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Clean Livestock policy - Sheep

Clean Livestock policy - Sheep

Presenting lambs clean at the abattoir becomes more challenging as the year progresses particularly for those finishing outdoors as weather conditions deteriorate. Ciaran Lynch, Teagasc Sheep Specialist discusses the Clean Livestock Policy for sheep

Even for those finishing indoors it can prove problematic if steps aren’t taken to address this.

So what is the issue? Sheep soiled fleeces pose a risk to food safety, this risk increases when these fleeces are wet. Sheep Producers supply animals for slaughter for human consumption. Therefore, as food producers they have an important role to play in presenting clean sheep for slaughter.

Within the Clean Livestock Policy sheep categorise sheep as follows: A: Satisfactory; B: Acceptable; or C: Unacceptable.

Category A: Satisfactory

Sheep with a clean dry fleece that can be slaughtered without an unacceptable risk of contaminating the meat during the slaughter process, by using the standard hygienic dressing procedures routinely employed by the plant.

Category B: Acceptable

Sheep with moderate soiling of fleece that can only be slaughtered, without an unacceptable risk of contamination of the meat during the slaughter process, by putting in place additional interventions including extra defined dressing controls

Category C: Unacceptable

Sheep with heavily contaminated fleece unfit for slaughter. These sheep must not be presented for ante-mortem in this condition and it is the responsibility of the Food Business Operator to take the required remedial action.

A number of proactive steps can be taken to keep lambs cleaner as the season progresses

Finishing management:

Concentrate supplementation: Ensure a suitable concentrate ration properly balanced for fibre, energy and protein is used.  Avoid feeding rations containing excess salt as this will increases water intake and in turn urine production, instead ensure the ration contains Ammonium Chloride at 0.5% of the finishing diet to protect against urinary calculi. Avoid sudden dietary changes as it may cause dietary upsets and scouring. Build up levels of concentrates slowly and provide a roughage source at all times.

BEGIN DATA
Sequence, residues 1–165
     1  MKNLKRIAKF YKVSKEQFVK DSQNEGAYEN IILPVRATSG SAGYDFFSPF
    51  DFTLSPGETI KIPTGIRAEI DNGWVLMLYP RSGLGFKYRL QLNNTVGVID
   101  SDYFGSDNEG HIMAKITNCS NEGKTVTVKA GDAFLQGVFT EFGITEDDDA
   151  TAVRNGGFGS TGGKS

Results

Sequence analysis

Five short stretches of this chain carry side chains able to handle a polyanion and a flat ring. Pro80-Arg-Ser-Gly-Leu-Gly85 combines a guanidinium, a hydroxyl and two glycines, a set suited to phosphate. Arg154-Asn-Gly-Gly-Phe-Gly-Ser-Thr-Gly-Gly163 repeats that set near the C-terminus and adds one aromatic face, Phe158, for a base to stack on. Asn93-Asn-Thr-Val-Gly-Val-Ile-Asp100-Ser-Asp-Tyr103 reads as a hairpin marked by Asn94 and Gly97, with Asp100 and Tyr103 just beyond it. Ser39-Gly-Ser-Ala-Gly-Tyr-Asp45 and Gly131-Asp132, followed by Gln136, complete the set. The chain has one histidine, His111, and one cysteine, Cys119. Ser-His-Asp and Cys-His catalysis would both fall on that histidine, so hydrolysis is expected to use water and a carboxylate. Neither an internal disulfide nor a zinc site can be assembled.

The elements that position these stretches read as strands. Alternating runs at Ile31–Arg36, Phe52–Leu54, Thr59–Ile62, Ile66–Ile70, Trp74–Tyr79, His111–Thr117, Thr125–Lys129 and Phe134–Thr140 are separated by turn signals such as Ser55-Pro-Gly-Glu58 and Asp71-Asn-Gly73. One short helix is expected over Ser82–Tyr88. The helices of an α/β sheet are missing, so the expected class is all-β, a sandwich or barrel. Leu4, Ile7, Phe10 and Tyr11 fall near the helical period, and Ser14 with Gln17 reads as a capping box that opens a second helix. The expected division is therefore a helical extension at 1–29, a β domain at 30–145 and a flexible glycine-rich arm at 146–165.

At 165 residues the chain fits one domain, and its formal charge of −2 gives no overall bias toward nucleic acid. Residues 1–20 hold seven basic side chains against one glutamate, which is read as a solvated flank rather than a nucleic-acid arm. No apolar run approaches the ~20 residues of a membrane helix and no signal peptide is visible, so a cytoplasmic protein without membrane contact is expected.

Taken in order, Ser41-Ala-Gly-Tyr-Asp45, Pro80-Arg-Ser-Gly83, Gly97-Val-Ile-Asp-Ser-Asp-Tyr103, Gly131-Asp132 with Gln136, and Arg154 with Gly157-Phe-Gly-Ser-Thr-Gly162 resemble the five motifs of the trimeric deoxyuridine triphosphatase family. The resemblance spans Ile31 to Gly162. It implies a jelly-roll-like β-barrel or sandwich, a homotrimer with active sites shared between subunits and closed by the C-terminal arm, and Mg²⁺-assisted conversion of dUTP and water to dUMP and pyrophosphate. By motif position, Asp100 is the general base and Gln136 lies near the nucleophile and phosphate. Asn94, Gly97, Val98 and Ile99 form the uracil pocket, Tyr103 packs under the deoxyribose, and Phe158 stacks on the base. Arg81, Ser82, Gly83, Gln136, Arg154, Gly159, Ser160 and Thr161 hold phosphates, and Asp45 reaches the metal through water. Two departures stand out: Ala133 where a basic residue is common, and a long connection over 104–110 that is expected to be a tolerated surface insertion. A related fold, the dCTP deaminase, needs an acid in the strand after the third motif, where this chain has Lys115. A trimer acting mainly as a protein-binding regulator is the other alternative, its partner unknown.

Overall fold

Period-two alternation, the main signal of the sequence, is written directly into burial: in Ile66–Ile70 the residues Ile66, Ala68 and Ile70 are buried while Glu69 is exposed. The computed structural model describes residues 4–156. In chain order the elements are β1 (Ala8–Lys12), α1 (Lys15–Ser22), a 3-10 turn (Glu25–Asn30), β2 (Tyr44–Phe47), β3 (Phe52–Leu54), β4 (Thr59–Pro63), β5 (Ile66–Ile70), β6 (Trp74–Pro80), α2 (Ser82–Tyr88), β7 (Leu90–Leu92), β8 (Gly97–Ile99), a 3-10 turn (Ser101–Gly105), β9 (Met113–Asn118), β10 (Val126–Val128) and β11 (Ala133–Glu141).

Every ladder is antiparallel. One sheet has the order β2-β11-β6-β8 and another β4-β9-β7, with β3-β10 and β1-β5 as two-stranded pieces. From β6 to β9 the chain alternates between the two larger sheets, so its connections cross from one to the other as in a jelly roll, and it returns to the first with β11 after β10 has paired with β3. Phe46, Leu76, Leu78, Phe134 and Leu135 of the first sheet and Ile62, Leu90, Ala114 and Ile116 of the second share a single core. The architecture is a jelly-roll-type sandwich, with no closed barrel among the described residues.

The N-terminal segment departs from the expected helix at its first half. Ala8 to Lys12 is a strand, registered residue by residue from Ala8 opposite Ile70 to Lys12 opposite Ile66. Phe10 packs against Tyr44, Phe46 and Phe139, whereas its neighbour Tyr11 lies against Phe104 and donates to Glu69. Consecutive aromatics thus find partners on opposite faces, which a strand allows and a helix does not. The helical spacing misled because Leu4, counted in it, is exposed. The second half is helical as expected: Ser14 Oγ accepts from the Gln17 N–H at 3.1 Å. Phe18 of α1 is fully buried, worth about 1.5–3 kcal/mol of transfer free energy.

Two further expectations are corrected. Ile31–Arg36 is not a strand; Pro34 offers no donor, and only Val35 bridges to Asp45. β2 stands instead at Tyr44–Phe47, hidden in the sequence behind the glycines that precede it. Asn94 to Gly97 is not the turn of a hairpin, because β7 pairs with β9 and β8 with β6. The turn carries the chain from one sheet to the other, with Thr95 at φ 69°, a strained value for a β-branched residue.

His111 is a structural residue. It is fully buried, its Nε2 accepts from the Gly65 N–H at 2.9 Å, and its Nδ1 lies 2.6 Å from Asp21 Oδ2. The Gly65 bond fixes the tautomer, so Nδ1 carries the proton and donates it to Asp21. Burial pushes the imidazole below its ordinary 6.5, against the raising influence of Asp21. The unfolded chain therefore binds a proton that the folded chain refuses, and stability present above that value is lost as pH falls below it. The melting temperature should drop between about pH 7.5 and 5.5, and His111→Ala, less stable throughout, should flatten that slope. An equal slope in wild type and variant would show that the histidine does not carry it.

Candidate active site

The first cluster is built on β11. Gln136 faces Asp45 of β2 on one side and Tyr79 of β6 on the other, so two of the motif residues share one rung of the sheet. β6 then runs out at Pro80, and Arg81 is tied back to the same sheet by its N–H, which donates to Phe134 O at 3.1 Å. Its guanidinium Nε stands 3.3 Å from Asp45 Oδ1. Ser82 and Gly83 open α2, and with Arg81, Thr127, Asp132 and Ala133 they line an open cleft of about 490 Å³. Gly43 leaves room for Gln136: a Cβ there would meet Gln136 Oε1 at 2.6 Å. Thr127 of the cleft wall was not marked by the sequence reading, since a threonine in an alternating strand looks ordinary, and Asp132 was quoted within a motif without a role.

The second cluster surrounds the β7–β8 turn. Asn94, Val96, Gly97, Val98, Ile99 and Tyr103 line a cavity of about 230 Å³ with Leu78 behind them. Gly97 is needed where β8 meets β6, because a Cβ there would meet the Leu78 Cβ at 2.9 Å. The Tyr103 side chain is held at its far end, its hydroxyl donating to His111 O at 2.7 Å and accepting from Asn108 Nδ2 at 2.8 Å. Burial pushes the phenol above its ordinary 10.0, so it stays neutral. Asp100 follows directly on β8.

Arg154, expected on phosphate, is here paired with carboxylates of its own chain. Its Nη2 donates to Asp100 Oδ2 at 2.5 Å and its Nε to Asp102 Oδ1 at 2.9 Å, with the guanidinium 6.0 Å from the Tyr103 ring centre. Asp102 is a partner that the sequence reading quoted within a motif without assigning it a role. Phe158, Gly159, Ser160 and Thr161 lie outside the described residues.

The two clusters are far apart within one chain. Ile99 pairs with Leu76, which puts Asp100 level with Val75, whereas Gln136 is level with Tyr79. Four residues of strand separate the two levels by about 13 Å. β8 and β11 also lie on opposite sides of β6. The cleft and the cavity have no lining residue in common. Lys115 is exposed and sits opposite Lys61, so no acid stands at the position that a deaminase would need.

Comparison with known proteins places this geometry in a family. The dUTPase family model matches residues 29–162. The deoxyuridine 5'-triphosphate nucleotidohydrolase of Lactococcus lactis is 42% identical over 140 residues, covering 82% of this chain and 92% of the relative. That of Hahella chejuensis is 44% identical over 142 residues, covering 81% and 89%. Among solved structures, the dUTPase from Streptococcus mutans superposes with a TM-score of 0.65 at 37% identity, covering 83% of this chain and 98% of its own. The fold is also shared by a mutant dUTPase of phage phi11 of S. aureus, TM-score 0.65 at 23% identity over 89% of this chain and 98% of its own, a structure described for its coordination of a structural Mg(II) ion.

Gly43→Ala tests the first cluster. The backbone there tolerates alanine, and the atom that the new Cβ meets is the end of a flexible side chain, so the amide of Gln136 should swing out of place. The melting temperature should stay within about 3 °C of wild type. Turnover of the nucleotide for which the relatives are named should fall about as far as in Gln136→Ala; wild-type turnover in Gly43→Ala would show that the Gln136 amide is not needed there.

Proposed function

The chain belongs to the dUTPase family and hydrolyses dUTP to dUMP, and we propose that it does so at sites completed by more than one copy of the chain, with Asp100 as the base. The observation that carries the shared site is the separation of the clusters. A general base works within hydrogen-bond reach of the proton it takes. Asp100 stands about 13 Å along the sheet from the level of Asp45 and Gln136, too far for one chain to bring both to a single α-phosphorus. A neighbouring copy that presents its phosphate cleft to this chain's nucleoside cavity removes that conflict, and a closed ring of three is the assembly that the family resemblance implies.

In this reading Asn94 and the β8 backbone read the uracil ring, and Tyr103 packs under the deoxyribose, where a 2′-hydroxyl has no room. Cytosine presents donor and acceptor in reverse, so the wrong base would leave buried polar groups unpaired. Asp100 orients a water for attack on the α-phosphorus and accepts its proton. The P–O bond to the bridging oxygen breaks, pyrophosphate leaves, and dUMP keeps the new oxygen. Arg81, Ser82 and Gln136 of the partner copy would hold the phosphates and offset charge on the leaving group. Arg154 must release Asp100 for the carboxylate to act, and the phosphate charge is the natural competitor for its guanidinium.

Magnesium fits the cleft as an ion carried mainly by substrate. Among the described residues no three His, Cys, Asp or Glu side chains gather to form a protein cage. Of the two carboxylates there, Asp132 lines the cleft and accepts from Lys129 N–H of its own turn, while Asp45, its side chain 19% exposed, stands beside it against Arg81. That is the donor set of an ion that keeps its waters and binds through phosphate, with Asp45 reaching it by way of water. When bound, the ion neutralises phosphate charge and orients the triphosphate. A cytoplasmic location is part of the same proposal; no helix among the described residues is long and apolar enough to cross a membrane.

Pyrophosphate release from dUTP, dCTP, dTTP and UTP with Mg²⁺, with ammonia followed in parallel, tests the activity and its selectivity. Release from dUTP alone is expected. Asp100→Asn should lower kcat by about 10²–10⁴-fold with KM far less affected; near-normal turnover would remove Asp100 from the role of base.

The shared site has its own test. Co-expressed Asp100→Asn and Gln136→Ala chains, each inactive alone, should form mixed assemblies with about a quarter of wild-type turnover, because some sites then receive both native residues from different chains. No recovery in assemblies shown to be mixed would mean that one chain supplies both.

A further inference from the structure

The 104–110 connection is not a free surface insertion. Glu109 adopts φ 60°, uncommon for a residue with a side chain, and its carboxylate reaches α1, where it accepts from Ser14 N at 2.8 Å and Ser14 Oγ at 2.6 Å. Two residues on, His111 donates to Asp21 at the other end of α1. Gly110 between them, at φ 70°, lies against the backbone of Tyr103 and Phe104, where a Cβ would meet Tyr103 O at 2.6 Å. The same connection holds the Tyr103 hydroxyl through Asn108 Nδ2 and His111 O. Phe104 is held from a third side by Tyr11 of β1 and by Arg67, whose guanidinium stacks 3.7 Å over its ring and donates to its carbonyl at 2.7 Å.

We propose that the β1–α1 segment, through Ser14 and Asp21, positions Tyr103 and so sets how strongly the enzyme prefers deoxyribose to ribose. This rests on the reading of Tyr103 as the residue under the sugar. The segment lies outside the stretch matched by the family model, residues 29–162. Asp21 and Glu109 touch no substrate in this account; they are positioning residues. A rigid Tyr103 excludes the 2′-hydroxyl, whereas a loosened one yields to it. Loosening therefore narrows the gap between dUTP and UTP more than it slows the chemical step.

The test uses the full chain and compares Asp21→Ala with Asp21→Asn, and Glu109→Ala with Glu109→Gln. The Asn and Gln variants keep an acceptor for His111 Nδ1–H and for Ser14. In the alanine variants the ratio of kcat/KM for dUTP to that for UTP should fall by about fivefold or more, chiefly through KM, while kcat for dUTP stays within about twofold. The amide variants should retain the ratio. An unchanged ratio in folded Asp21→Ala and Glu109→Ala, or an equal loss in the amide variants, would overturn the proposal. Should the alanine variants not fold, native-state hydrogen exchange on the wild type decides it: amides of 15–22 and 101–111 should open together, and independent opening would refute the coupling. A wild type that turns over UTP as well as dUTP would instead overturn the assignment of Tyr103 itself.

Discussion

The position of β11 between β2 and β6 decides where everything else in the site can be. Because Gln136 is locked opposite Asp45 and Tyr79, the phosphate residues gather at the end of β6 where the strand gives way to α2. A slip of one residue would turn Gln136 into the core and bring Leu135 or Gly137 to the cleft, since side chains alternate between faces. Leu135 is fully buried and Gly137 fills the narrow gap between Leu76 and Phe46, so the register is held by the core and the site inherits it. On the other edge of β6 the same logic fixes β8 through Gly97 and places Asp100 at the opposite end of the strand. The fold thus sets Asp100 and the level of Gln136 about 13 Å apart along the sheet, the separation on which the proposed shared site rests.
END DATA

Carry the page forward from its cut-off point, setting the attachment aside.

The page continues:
Finishing at grass: Move finishing lambs to clean pasture or allocate fresh grazing breaks when conditions become muddy. Move feeders or troughs regularly to avoid poaching. Raise drinking troughs, and provide hardcore area around drinkers to keep areas mud-free. Avoid routine free access to mineral supplements, instead treat animals for specific mineral and vitamin deficiencies.

Outdoors on roots / forage crops: Crutch / belly clip lambs before turning onto crops.  Allow sheep time to adjust to the new diet by restricting access for the first week and providing grass runback or free-access to hay. When supplementing with concentrates or hay, move feeding points regularly, to avoid poaching. Ensure sheep have access to a dry lying area. On freedraining soils, the crop itself may provide this. On heavy soils, or during wet weather, a grass runback or straw-bedded area should be provided.

Indoors: Do not overstock pens at housing and ensure sheep hosing is well ventilated.  Allow adequate space at feeding troughs.  For straw- bedded sheds use adequate straw and replenish regularly to keep lambs clean. For slatted sheds, ensure slats do not get blocked.

Clipping: Belly clipping and crutching can reduce the amount of fleece contamination especially for lambs being finished on root crops, it is an advantage for indoor finishing also. For housed lambs a full shear is an option that may be considered. Shearing should take place ideally 4 week pre drafting to allow sufficient wool regrowth to allow for subsequent remedial action (if needed) at the point of drafting or slaughter

Pre-Sale Management and transport:  At drafting avoid unnecessary mixing of groups particularly male and female lambs.  Take remedial action on dirty lambs before transport. Aim to draft lambs dry where possible, wet lambs could result in a lamb moving from a category B to a C.   Poor transport conditions may result in animals becoming contaminated and failing to achieve required cleanliness specification. Vehicles should be roofed (where possible) and well ventilated. Ensure vehicle is clean, dry and disinfected before loading. Use partitions/ dividers to confine and segregate animals particularly where mixed batches are being sent. Use absorbent materials on the floor where needed. Where decks are in use, ensure faeces / urine from higher decks does not soil sheep on lower decks.

Listen to Ciaran for more on this topic in the Ovicast podcast below

Michael Gottstein, Head of Sheep KT Teagasc gives an overview of a clean livestock policy in the video below 

Clean Livestock Policy – Sheep. A guide for Sheep Producers Download Publication (PDF) 

If you liked this article you might also be interested in Focus on ewe body condition score sees lamb numbers up in West Cork The Teagasc Sheep Specialists and Researchers issue an article on a topic of interest to sheep farmers on Tuesdays here on Teagasc Daily. Find more on Teagasc Sheep here.

For any further information or assistance contact your local Teagasc Office here: Advisory Regions.